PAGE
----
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The tambourine; a military band joined by a woman with her skirts about her waist, sitting on the knee of a man playing a fife and seated on a large drum, the woman holding a tambourine above her head and tapping it with her right hand; she gazes up at a row of three caricatured male musicians who stand behind at left, one with a pipe, another with a horn, the third a turbaned black man with cymbals, all three presenting erect members; a fifth man beyond at right blowing a trumpet and a sketchy figure behind him, a small boy, nude and playing the triangle, in foreground right; at foreground left a group of objects including a gun, satchel, flask and glass.
Etching with stipple
- Production date
- 1790-1810 (c.)
Height: 211 millimetres (trimmed)
Width: 154 millimetres (trimmed)
- Curator's comments
- John Gleeson, a former member of the Coldstream Guards' band has provided the following explanation of the subject (June 2011): "The key (I think) to this print is the black musician playing the cymbals. These black musician were introduced into the Coldstream band in January, 1789 by the Duke of York (the Colonel of the Regiment). At first there were three of these percussionists, who were generally known as the " Turkish Music " or " Janissary " percussion. Their instruments were the cymbals, tambourines, bass drum, and later the Turkish Crescent or " Jingling Johnnie ." Dressed in elaborate and gorgeous silver-laced uniforms, with expensive silk turbans and high feather plumes, these black musicians caused something of a sensation in London in the early 1790's. Their playing on these instruments was novel in the extreme. For instance, the cymbal player would strike the discs at every point he could reach, for example, behind the back; high above the head, between his legs, or to one side or another. The tambourinist would do likewise - even spinning the instrument on a finger tip (much like a modern basketball player does today with the ball). These percussionists would caper, rather than march, creating what was to all intents and purposes a piece of musical and terpsichorean street-theatre. Because of this novelty, these Guards' percussionists became something akin to celebrities in 1790's London, and this "Turkish Music" craze led to these players earning money as teachers of Turkish Music technique to society ladies for whom learning to play the tambourine with its associated poses was " the in-thing."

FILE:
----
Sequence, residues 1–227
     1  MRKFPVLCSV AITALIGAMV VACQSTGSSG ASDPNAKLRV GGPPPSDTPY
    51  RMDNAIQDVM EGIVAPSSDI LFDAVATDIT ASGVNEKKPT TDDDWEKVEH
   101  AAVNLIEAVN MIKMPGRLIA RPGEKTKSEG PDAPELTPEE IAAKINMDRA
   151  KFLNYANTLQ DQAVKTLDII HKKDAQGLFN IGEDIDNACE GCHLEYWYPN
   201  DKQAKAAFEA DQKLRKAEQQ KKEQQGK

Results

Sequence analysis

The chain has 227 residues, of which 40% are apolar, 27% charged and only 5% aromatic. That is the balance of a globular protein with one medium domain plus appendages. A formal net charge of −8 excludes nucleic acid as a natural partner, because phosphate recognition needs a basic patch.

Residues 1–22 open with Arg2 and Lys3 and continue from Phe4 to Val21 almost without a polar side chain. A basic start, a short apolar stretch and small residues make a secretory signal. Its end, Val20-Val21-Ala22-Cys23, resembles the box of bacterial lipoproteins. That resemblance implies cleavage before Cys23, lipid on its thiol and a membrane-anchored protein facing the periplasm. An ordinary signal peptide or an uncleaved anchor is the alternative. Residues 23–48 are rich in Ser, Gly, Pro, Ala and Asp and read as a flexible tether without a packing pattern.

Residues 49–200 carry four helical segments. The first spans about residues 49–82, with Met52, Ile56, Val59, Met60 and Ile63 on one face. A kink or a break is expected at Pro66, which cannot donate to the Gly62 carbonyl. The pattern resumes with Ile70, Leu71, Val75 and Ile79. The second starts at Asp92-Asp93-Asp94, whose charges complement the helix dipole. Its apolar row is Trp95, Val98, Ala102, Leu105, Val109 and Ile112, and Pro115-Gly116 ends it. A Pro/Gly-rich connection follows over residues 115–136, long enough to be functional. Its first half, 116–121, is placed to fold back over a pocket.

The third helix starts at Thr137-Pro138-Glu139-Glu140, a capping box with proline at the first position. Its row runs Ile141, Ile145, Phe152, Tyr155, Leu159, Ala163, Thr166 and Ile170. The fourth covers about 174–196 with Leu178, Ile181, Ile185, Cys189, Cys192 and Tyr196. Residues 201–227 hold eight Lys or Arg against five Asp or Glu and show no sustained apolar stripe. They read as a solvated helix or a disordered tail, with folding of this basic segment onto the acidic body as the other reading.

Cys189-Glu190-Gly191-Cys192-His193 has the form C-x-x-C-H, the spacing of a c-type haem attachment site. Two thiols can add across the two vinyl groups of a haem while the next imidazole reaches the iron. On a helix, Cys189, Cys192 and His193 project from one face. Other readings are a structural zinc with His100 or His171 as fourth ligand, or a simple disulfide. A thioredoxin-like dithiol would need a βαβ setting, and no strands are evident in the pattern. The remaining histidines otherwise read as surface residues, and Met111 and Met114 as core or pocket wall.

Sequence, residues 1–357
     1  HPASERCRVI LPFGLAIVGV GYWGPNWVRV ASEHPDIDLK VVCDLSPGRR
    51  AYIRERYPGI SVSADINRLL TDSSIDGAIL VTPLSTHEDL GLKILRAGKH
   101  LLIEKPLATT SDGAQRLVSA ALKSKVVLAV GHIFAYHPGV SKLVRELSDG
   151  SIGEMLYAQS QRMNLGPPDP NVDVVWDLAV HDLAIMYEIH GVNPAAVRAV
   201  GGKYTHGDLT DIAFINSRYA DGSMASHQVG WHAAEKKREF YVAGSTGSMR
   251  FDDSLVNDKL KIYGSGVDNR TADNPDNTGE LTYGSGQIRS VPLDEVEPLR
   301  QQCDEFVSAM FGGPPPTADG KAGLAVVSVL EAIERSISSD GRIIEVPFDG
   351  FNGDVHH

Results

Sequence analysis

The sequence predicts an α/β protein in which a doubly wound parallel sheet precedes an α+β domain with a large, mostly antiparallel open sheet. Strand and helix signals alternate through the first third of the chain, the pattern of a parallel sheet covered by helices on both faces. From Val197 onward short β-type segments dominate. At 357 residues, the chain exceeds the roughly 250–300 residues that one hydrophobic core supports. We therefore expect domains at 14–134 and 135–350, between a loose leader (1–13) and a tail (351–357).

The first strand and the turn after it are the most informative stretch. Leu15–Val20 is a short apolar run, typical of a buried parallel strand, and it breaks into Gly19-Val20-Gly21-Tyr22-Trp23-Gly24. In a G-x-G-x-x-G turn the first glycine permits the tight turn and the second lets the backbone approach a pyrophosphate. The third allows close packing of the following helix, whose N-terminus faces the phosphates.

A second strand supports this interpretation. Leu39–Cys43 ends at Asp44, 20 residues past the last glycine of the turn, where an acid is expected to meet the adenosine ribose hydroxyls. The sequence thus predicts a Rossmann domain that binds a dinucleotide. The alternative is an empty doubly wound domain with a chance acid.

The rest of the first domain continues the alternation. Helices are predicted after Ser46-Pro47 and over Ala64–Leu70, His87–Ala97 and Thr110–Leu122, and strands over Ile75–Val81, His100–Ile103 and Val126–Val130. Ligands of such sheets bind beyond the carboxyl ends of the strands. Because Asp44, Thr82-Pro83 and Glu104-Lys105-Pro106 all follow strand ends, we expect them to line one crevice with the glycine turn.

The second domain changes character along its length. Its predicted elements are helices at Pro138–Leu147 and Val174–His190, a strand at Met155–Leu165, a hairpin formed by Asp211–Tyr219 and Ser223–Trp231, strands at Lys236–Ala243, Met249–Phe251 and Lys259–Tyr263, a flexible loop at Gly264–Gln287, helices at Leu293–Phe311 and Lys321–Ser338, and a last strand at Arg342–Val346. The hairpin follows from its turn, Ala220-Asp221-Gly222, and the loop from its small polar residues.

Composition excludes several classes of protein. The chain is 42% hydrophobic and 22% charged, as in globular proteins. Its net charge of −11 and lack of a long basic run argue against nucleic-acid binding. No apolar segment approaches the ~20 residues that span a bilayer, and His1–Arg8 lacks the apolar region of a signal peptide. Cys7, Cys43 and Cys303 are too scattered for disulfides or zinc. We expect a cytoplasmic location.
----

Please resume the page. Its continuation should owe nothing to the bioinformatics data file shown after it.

The oboist William Thomas Parke, in his "Musical Memoirs" of 1830 recalled this also: "This band [the Coldstream] became very popular, and attracted crowds of persons to St. James's Park to listen to it's performances. It may be worthy of remark that the Africans, who appear generally to have a natural disposition for music, produced such effect with their tambourines, that those instruments afterwards, under their tuition, became extremely fashionable, and were cultivated by many of those belles of distinction who were emulous to display Turkish attitudes and Turkish graces" Frances Brooke, in her novel "Manners" also noted this: "Selina Seymour was nearly seventeen. Of what are usually called 'accomplishments' she was comparatively ignorant. She knew little or nothing of fancy works - had never made any pasteboard scenes - could neither waltz or play on the flageolet - nor beat the tambourine in all the different attitudes practised and taught to young ladies by the Duke of York's Band." The Duke of York's Band was the alternate name for the Coldstream Guards band from 1785 to about 1820. It looks as though Rowlandson was intimating that tambourine technique wasn't the only thing that society ladies were being introduced to by the Duke of York's Band"
- Not on display
- Prints and Drawings
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